Circuit Bending, SDIY — Worth The Hassle?

Monday, September 7, 2009 at 8:00 am

More and more these days, you hear about people turning to Circuit Bending for strange and unique sounds. Synth Do-It-Yourself (building your own music electronics) is the step after Circuit Bending. Are either worth the effort? What sort of ROI do you get? Where to start?

Most people who read this blog have likely heard of Circuit Bending. If, by some chance, you are unfamiliar with Circuit Bending, Q. R. Ghazala’s site is the place to start. I recommend you read that through before proceeding, if you haven’t already. It’s a wonderfully-written, self-contained introduction and tutorial — everything you need to start.

Q.R. Ghazala on Circuit Bending and Incantors

Is circuit bending worth the hassle? My perspective is admittedly somewhat skewed. My father has a masters in electrical engineering, and taught me how to solder when I was five years old (along with little to nothing about sports). The soldering, wiring, drilling, and other constructive-fiddly aspects of bending are definitely the hardest part… and, by the time I heard about bending, I already knew how to do all that. I just took a cheap keyboard down to the shop, and got right to it.

That being said, I feel soldering isn’t hard to learn, and that the general level of skill bending requires is minimal. If you can learn basic soldering, in all likelihood you’ll have a blast circuit bending.

Just don’t expect miracles from it. While the Speak and ____’s (Incantors) are truly delightful, not everything is. I’ve probably bent somewhere between two and three dozen different bits of kit, and I can count on one hand the number of devices I’ve considered interesting enough to keep using regularly. The rest were fun to dick about with, but otherwise forgettable. Many people think they’re going to get mind-blowing new sounds from some random old toy they had lying around. Really, though, after you’ve bent a couple things, you start to get a lot of same-old — one toy will sound pretty similar to five other toys you’ve bent. Other toys aren’t even bendable at all.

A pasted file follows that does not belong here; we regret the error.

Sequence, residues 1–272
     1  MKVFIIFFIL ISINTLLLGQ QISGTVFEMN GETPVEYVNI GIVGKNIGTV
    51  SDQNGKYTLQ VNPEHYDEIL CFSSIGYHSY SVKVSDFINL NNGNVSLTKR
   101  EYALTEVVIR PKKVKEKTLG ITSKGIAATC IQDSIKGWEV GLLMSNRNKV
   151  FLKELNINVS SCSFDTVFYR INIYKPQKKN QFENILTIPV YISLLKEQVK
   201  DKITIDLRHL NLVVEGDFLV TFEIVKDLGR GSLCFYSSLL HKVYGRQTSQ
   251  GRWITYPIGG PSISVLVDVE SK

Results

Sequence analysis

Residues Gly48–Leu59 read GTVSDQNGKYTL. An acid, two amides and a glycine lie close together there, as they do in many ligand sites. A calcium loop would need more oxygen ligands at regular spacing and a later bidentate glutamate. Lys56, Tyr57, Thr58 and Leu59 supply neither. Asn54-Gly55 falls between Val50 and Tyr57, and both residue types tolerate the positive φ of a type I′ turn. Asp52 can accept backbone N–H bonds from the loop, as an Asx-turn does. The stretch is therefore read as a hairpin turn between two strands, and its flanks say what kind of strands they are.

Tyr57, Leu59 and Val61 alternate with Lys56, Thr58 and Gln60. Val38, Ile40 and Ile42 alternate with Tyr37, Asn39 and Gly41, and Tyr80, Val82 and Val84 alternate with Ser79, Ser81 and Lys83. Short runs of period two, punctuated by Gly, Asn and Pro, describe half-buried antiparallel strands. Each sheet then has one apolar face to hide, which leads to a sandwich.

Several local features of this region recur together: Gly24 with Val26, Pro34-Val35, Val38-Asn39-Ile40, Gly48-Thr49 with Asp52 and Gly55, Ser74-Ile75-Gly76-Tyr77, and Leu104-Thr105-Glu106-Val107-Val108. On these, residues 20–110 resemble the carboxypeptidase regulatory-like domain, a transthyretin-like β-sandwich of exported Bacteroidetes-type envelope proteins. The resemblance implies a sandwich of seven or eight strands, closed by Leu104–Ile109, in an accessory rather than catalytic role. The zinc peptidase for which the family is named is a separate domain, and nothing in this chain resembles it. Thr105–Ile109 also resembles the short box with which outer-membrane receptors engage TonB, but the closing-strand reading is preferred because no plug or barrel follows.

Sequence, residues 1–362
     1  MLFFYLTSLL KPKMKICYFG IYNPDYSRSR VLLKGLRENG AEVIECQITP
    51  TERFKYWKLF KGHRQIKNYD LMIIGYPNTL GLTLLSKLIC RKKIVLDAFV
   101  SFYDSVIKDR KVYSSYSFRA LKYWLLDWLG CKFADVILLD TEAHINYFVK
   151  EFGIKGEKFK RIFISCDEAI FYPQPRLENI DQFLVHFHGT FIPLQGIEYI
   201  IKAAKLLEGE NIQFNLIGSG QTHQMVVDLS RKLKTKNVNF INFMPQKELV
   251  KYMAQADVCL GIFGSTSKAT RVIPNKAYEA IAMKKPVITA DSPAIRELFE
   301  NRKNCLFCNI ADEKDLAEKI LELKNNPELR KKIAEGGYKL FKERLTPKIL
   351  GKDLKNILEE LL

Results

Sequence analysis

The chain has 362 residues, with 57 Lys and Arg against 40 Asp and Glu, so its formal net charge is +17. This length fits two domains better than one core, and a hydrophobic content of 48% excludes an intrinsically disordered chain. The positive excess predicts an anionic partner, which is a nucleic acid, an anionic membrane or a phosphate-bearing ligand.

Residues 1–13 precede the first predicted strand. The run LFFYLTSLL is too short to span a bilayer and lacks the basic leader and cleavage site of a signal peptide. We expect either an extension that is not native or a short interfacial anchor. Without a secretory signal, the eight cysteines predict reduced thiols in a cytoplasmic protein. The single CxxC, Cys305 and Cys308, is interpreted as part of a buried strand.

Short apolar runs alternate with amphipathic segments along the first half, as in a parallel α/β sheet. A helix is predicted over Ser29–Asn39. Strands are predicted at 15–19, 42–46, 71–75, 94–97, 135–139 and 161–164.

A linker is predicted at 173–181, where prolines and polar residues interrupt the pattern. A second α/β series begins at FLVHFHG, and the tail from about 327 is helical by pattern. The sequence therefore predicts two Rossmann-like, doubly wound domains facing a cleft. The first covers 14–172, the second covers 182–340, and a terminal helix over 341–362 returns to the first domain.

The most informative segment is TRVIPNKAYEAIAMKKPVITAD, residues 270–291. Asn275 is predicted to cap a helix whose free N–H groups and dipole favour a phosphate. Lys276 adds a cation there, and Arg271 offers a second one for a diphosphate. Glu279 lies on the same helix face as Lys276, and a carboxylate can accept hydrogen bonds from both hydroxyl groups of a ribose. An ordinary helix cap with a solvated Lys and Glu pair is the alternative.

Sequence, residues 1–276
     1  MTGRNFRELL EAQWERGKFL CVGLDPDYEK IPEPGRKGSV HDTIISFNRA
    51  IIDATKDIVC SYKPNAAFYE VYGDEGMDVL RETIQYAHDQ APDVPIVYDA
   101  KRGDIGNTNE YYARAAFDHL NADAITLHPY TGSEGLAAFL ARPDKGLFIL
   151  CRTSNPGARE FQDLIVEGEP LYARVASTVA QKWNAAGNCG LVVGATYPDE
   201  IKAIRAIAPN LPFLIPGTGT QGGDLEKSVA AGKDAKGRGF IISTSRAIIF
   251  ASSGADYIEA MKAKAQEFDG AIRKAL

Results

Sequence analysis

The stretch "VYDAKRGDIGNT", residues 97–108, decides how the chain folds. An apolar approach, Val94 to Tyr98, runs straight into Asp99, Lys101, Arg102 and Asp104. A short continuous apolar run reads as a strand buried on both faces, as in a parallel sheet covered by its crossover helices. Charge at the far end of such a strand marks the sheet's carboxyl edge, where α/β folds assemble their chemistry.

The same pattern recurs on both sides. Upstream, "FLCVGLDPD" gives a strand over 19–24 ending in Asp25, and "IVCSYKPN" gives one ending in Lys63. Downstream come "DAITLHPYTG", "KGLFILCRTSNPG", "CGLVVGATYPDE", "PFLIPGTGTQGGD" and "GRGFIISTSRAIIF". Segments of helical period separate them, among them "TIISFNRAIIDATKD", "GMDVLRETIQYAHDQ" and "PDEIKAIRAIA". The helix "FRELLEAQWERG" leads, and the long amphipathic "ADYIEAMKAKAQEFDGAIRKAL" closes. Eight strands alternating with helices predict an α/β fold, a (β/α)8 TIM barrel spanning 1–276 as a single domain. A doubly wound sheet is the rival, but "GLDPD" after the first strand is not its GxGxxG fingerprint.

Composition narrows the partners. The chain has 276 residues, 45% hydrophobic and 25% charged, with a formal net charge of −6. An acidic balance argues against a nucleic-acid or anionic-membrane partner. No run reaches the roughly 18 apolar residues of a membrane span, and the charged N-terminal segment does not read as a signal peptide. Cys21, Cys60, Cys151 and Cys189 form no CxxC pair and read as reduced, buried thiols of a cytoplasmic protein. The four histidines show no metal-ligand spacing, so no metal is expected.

For that reason, the first couple things you bend will probably be “way cool,” and then the excitement will taper off. As such, I feel bending is something you’re best off dipping your toe into, as opposed to basing your life around. Obviously, if you’ve bent a few things and you absolutely love it, keep doing it. You should only quit if it gets boring (which is a good philosophy for just about anything).

A step up in complexity is to build your own music electronics from scratch. Many people, including myself, refer to this as “Synth DIY” even though it’s about more than synths… I started off building a few guitar FX pedals, which aren’t so bad. The soldering is trickier, and you’ll need to learn to read schematics. Still, if you’ve successfully bent a few things, and you’ve got patience, it’s within your reach.

After that, things start to get much tougher. One bored, unemployed summer, I decided I wanted to build a basic modular synth… years later, I still working on it. Please, don’t get into SDIY because you want cheap/custom gear. You’re better off spending the time learning MAX/MSP, or working a job so you can buy a Doepfur. You have to love the process of building circuits in and of itself, or you’ll go insane and never finish anything. Try guitar FX first, and see if you enjoy it. I love building circuits, I’ve found, but that that love only goes so far (generally, a couple hours a week). While I still do SDIY, my current ambitions are much more modest than my initial ones. Start small, or you’ll stall and crash.

If the previous paragraph didn’t scare you off, I recommend Paia’s kits. As kits go, they’re truly wonderful; undoubtedly the best way to start on true SDIY. I also recommend Dave Wright’s web site — the man has an awe-inspiring devotion to building things.

Categories: FX, gear, sampling, studio

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